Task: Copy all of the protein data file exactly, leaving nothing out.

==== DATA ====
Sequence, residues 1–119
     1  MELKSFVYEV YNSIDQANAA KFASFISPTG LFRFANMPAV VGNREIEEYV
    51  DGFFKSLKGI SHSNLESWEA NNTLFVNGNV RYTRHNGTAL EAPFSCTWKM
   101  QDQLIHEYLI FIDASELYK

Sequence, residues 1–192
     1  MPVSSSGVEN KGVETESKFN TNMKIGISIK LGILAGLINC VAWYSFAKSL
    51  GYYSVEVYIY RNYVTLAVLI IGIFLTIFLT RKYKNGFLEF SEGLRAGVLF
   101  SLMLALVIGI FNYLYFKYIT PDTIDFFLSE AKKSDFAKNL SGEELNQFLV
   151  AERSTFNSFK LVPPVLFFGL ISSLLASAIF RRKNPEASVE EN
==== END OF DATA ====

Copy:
Sequence, residues 1–119
     1  MELKSFVYEV YNSIDQANAA KFASFISPTG LFRFANMPAV VGNREIEEYV
    51  DGFFKSLKGI SHSNLESWEA NNTLFVNGNV RYTRHNGTAL EAPFSCTWKM
   101  QDQLIHEYLI FIDASELYK

Sequence, residues 1–192
     1  MPVSSSGVEN KGVETESKFN TNMKIGISIK LGILAGLINC VAWYSFAKSL
    51  GYYSVEVYIY RNYVTLAVLI IGIFLTIFLT RKYKNGFLEF SEGLRAGVLF
   101  SLMLALVIGI FNYLYFKYIT PDTIDFFLSE AKKSDFAKNL SGEELNQFLV
   151  AERSTFNSFK LVPPVLFFGL ISSLLASAIF RRKNPEASVE EN